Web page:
Political Notes: CA GOP ex-legislator with best LGBTQ rating seeks return to Sacto

  • by Matthew S. Bajko, Assistant Editor
  • Monday February 27, 2023
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Former Assemblymember Suzette Valladares scored the highest of any Republican lawmaker on Equality California's 2022 Legislative Scorecard. She announced that she will be seeking a state Senate seat in 2024. Photo: Courtesy the candidate
Former Assemblymember Suzette Valladares scored the highest of any Republican lawmaker on Equality California's 2022 Legislative Scorecard. She announced that she will be seeking a state Senate seat in 2024. Photo: Courtesy the candidate

A former Republican member of the California Assembly who had the best voting record in 2022 on LGBTQ bills among her GOP colleagues is vying to return to Sacramento next year. Her candidacy comes as most members of the Republican caucus in the Legislature continue to rack up dismal records on LGBTQ legislation.

Suzette Valladares, first elected in 2020 to a Southern California Assembly seat, lost her reelection bid last November in the 40th Assembly District. In one of the closest contests for a legislative seat last year, Democrat Pilar Schiavo won by a 522-vote margin.

Last Wednesday, Valladares formally launched her campaign for the 23rd state Senate District that covers portions of San Bernardino and Los Angeles counties. It will be an open seat next year, as Senator Scott Wilk (R-Santa Clarita) is termed out of office.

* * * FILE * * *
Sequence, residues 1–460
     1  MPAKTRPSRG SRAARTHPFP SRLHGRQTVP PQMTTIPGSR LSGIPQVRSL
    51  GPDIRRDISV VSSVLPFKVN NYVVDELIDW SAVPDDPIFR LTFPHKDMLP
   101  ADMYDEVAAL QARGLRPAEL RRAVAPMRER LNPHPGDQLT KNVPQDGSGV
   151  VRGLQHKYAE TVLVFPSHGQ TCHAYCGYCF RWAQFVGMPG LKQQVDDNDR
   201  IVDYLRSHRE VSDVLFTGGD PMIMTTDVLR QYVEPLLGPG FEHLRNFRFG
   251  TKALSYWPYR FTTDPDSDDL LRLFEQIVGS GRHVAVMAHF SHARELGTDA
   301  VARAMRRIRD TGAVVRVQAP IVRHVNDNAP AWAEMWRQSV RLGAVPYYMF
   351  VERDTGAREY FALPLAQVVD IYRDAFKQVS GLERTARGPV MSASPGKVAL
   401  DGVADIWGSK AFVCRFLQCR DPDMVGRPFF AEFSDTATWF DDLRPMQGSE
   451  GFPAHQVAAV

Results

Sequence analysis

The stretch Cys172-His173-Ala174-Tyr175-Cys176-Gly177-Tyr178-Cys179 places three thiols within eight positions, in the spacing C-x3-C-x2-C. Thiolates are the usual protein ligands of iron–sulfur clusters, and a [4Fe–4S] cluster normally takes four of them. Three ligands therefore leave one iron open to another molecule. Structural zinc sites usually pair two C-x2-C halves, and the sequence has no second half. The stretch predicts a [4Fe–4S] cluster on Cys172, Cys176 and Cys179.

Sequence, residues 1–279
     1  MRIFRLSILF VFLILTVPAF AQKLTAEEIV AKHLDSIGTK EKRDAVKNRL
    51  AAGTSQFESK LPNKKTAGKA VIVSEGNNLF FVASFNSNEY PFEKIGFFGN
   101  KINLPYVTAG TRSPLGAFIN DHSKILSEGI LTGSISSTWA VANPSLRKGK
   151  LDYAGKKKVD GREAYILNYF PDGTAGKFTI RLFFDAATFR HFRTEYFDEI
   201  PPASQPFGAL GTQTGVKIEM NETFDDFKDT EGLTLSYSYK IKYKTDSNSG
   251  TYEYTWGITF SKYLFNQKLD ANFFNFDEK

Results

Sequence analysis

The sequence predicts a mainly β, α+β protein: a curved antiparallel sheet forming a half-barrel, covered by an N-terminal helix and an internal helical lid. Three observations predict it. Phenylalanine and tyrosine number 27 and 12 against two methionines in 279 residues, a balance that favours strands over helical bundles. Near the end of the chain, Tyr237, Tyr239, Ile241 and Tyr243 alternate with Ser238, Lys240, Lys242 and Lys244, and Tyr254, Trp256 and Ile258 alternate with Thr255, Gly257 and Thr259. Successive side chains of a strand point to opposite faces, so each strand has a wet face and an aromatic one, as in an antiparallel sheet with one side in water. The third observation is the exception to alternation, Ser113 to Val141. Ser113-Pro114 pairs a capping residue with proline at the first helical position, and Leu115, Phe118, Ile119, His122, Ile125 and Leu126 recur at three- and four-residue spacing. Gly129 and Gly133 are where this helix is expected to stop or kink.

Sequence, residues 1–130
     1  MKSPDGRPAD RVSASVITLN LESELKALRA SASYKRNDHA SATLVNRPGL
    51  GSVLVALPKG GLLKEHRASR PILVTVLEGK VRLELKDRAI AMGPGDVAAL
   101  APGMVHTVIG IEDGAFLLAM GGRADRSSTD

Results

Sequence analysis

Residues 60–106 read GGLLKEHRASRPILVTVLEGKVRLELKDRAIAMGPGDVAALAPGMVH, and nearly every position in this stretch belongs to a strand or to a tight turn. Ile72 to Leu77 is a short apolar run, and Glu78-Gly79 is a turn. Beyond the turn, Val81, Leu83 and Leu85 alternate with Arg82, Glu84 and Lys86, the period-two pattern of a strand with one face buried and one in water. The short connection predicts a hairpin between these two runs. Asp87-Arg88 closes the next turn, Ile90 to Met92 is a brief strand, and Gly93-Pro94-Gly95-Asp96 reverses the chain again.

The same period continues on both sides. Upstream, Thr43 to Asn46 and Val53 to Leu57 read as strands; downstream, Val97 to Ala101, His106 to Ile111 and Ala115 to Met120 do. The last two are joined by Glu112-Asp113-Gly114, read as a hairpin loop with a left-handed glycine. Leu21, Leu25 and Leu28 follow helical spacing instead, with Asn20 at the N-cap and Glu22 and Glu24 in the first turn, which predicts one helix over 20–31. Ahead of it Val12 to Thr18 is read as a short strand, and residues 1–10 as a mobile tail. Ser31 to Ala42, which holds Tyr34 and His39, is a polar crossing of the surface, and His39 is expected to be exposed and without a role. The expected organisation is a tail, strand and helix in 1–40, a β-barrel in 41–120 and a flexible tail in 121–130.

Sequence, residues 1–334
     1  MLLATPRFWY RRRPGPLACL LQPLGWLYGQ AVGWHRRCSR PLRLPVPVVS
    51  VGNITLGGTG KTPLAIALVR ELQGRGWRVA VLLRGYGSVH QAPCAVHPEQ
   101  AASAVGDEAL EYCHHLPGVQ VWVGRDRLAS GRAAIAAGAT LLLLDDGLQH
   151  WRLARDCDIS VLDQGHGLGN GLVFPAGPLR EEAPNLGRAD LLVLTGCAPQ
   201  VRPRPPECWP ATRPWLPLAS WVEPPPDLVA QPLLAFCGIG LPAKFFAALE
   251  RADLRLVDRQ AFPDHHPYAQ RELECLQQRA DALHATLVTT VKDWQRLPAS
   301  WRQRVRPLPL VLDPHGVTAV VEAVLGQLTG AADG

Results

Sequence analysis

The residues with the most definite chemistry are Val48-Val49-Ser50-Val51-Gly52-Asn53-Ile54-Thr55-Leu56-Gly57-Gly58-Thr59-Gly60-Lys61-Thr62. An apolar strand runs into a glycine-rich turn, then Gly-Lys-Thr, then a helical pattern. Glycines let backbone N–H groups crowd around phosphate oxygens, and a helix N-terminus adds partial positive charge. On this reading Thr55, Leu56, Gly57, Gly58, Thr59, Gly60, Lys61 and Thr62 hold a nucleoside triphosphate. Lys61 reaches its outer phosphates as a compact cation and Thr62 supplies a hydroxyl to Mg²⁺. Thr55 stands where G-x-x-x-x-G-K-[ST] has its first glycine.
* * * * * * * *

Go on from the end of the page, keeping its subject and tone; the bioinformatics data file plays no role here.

He is supporting Valladares in her race against Democrat Kipp Mueller. The attorney had lost to Wilk in 2020, though he will face better odds next year due to the redrawn district now favoring Democrats.

(Because of the 2020 redistricting process, much of Wilk's current 21st Senate District will be incorporated next year into the new boundaries of the 23rd district. The current holder of the Senate District 23 seat, Senator Rosilicie Ochoa Bogh, R-Yucaipa, will be up for reelection in 2024 to represent the newly drawn 19th Senate District.)

In announcing her candidacy to succeed Wilk, Valladares released a short video via her social media accounts in which she listed among her reasons for wanting to return to the Legislature a desire to "lower the cost of living" for Californians and "to end the homeless, drug trafficking and fentanyl crises that are linked hand in hand."

A founder of the bipartisan Problem Solvers Caucus in the Legislature, Valladares received some of the highest scores on the legislative scorecard annually released by statewide advocacy organization Equality California compared to her GOP colleagues during her two-year term. Her score in 2021 was 70% out of 100 and was 60% in 2022.

In fact, Valladares earned the highest score last year of any of the Legislature's 28 Republicans. And she was one of just three GOP legislators who earned a score of 50% or above. (EQCA uploaded its 2022 Legislative Scorecard to its website earlier this month and posted about it via its Twitter account on February 3.)

Valladares, who lives in Acton with her husband and daughter, did not respond to an interview request last week.

She received points from EQCA for voting in support of bills that ranged in focus from protecting the privacy of patients receiving reproductive services and prevention of sexually transmitted infections to LGBTQ cultural competency training for pharmacists and updating death certificates to honor the makeup of LGBTQ families. She also voted for bills that expanded a ban on deadnaming people at community colleges and aimed to educate incarcerated LGBTQ youth about their rights.